For those of you who aren’t up on your fandoms, Steampunk is:

a sub-genre of science fiction and speculative fiction, frequently featuring elements of fantasy, that came into prominence in the 1980s and early 1990s. The term denotes works set in an era or world where steam power is still widely used—usually the 19th century, and often Victorian era England—but with prominent elements of either science fiction or fantasy, such as fictional technological inventions like those found in the works of H. G. Wells and Jules Verne, or real technological developments like the computer occurring at an earlier date.

And even though I’m generally past my days of Cosplaying – I still very much appreciate and admire the work that goes into any good outfit/costume (since you know, it’s at the point where people don’t consider these ‘costumes’ anymore – and try their hardest to make it their daily wear – whether it’s SteamPunk or Lolita fashion.)

Consistently good photography is often times all about making decisions – which is why you’ll find many photographers shooting on full manual – because we want to control as much as possible with our photos – which means we’re making snap decisions just as everything is going on. Fortunately, with a portrait booth you can make many decisions ahead of time. I decided that instead of the usual ‘old-timey’ look that waaaay toooo many photographers choose for SteamPunk, that I would go with glam. As much as possible – well, in this case it means LENS FLARE Everywhere!


Because some of these people put A LOT of work into making their outfits and pulling pieces together – and they should get photos that show that off and not merely just ‘capture’ a flat image. At least that was the general grand idea in my head. Execution of that idea is… always different 🙂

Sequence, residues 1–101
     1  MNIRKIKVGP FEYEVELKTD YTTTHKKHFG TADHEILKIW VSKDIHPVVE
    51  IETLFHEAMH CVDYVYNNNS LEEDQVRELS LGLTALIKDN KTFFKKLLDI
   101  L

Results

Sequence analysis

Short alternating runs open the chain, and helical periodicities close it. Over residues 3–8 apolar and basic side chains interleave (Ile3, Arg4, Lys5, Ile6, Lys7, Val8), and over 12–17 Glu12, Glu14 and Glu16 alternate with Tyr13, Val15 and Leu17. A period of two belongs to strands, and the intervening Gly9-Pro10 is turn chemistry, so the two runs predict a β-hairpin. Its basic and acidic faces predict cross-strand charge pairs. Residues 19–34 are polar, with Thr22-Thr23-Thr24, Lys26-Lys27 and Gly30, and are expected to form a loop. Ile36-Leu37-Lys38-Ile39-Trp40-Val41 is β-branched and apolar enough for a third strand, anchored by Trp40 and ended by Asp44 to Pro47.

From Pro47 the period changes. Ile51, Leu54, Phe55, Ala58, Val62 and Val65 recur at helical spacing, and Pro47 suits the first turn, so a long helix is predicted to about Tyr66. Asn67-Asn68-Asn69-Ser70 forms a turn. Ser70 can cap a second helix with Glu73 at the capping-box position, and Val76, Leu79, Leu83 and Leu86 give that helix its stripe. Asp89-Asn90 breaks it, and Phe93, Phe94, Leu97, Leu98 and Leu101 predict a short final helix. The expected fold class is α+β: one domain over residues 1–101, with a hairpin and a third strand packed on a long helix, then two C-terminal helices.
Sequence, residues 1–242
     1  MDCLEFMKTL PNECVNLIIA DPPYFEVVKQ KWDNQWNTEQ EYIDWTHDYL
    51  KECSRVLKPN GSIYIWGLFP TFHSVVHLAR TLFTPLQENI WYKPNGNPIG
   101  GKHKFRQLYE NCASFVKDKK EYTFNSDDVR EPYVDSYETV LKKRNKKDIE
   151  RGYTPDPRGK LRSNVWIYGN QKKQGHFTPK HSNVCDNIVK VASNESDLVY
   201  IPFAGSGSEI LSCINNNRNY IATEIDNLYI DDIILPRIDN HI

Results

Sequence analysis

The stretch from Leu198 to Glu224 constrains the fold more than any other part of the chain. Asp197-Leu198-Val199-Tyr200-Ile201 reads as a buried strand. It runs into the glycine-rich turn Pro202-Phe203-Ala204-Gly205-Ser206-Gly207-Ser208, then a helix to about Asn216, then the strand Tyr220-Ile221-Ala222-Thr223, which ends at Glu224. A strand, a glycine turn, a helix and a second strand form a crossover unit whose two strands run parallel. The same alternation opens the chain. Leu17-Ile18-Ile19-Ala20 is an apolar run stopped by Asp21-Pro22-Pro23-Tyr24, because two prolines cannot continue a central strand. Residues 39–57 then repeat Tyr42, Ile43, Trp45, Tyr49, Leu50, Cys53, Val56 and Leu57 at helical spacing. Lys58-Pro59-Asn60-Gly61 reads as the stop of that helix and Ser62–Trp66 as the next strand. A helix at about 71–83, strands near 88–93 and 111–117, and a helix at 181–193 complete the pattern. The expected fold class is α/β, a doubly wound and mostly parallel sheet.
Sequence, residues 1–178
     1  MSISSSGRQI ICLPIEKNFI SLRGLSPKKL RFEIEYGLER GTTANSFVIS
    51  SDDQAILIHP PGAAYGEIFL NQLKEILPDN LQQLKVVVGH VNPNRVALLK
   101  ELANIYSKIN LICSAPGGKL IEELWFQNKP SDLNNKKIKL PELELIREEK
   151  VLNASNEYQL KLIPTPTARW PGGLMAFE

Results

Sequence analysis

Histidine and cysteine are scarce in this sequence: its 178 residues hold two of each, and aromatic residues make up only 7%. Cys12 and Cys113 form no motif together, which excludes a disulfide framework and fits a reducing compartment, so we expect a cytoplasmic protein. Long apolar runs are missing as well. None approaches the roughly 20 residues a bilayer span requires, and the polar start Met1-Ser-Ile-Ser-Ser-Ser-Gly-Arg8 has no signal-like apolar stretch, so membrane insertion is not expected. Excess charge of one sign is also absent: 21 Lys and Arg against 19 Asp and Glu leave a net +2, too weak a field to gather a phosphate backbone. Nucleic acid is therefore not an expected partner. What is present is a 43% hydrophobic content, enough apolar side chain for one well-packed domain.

Fortunately I had help – Leah and our friend Paralee (of fame!) came along and worked the event with me. In fact, Paralee shot half the time and once I decided on a light setup and put everything in place, we just switched back and forth as to who would shoot the portrait.


Now the thing about portraits and working with people who aren’t used to modeling/posing – is that once you have your lights setup, much of the burden of creating a ‘good’ photo is actually on the photographer. Because it’s at that point where it’s the photographer’s job to direct the subjects into not only ‘good’ poses, but something interesting. Or else your photos end up on Awkward Family Photos. (Working with professional models is different because it’s more of a collaboration between the two since the model actually needs to know how to model.)

(I will admit though, I use the ‘Dodge This’ shot from the Matrix way too often – but come on, it’s always fun)


And while photographers will often blame the clients as to why their portraits were bad (or worse, boring) – the photographer really has to do everything within their power to make it happen and just ‘get the shot’ – the ones who don’t make excuses are usually the ones who always get ‘the shot’ – no matter what – even when the subject was difficult to work with, somehow a professional will still get it. Right? Right. – by the way – fortunately everyone at this event that let us shoot them was extremely easy and fun to work with.

Um…. go off on tangents much?

Hey. It’s Friday. Awesome.

Click Here for the SteamPunk! Preview Set: (This isn’t all of the photos – just a small subset – I’ll finish editing all of them this weekend.)